Usama b. Zayd's Army

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From wikishia

Usāma b. Zayd's Army (Arabic: جيش أسامة بن زيد) was the last army prepared by the order of Prophet Muhammad (s) to battle against the Romans. Because the army was led by Usama b. Zayd it became known as Jaysh Usama (Arabic: جيش أسامة) (the army of Usama b. Zayd). As a number of senior companions of Prophet Muhammad (s) defied his command to send soldiers to battle, this army did not set out to face the enemy before the demise of Prophet (s). Shi'ite Muslims believe, Prophet Muhammad (s) had some purposes other than merely sending an army to war which were related to the incidents after the demise of the Prophet (s) and caliphate.

Circumstances before Preparation of the Army

When Prophet Muhammad (s) ordered Usama to prepare an army, Muslims' community was experiencing special situation:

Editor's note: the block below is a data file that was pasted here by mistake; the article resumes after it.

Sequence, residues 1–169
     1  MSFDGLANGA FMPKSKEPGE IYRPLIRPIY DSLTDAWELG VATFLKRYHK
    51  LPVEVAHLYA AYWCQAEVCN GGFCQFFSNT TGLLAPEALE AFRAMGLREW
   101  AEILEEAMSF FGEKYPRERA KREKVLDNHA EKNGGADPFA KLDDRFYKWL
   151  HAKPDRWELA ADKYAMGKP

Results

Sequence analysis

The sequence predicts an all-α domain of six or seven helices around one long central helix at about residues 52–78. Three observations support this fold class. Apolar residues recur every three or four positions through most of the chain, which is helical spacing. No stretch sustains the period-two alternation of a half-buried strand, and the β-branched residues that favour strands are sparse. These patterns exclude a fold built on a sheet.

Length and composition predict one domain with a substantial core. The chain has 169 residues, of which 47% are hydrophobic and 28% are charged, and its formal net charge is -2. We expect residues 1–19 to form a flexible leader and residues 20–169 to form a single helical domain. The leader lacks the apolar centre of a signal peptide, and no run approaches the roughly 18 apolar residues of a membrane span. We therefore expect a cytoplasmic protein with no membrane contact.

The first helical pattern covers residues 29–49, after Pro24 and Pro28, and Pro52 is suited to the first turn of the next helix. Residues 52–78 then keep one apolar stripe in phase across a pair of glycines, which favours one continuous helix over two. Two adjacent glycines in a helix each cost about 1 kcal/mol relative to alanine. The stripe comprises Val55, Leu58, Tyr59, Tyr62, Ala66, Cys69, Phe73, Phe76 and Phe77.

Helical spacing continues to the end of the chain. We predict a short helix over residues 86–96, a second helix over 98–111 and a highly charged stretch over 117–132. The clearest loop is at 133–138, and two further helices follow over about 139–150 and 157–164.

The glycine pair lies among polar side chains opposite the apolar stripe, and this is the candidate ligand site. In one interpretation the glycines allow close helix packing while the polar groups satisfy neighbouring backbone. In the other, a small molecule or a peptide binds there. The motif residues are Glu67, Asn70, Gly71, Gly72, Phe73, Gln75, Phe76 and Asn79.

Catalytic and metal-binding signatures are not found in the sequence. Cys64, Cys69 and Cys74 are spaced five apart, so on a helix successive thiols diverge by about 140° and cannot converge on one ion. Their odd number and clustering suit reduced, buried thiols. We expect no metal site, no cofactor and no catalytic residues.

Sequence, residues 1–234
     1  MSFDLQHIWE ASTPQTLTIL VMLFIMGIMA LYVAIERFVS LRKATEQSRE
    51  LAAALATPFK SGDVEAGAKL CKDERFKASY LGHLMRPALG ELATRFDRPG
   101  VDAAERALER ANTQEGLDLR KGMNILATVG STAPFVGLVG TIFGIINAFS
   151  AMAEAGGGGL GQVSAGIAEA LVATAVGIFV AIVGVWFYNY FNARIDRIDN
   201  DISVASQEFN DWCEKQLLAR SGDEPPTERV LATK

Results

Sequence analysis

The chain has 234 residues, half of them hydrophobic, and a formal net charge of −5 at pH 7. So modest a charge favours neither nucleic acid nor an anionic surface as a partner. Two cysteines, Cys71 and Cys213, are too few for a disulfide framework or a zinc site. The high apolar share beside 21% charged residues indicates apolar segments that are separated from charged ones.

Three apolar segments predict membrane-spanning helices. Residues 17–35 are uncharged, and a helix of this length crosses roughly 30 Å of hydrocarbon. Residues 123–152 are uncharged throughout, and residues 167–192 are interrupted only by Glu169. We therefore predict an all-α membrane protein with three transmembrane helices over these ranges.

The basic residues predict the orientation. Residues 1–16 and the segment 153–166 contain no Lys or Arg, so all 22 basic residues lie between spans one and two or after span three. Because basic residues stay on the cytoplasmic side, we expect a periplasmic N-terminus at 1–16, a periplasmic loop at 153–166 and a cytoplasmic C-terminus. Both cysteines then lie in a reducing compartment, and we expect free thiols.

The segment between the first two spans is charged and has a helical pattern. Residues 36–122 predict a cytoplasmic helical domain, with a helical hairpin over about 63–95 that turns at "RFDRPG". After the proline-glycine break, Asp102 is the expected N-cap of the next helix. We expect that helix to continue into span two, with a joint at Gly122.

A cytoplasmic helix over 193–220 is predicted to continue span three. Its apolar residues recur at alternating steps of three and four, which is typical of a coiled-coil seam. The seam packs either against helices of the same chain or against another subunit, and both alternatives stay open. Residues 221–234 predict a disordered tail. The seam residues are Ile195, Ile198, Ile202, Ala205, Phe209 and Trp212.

• According to historical reports, Prophet Muhammad (s) told his close companions about his imminent demise. As reported from 'Abd Allah b. Mas'ud, Prophet Muhammad (s) was aware of his demise a month earlier.[1]
  • Emergence of those who claimed to be prophet, was another incident in the last days of Prophet's (s) life.[2] However, the Prophet (s) did not send troops to fight with these phony prophets; rather, he ordered the army to set out for Levant (Syria).

Purposes

It is said the first purpose of Prophet Muhammad (s) in sending Usama's army was to compensate the defeat of Muslims in the Battle of Muta in which three companions of Prophet Muhammad (s), Ja'far b. Abi Talib, 'Abd Allah b. Rawaha and Zayd b. Haritha (Usama's father) were martyred. It can be said that Usama was chosen as the commander of Muslims' army because of martyrdom of his father in that battle.

On the other hand, sending such army by Prophet Muhammad (s) in the last days of his life had other reasons as well, including keeping the companions who were seeking caliphate away from Medina.[3]

Forming the Army

Appointment of Usama as the Commander of Army

Main article: Usama b. Zayd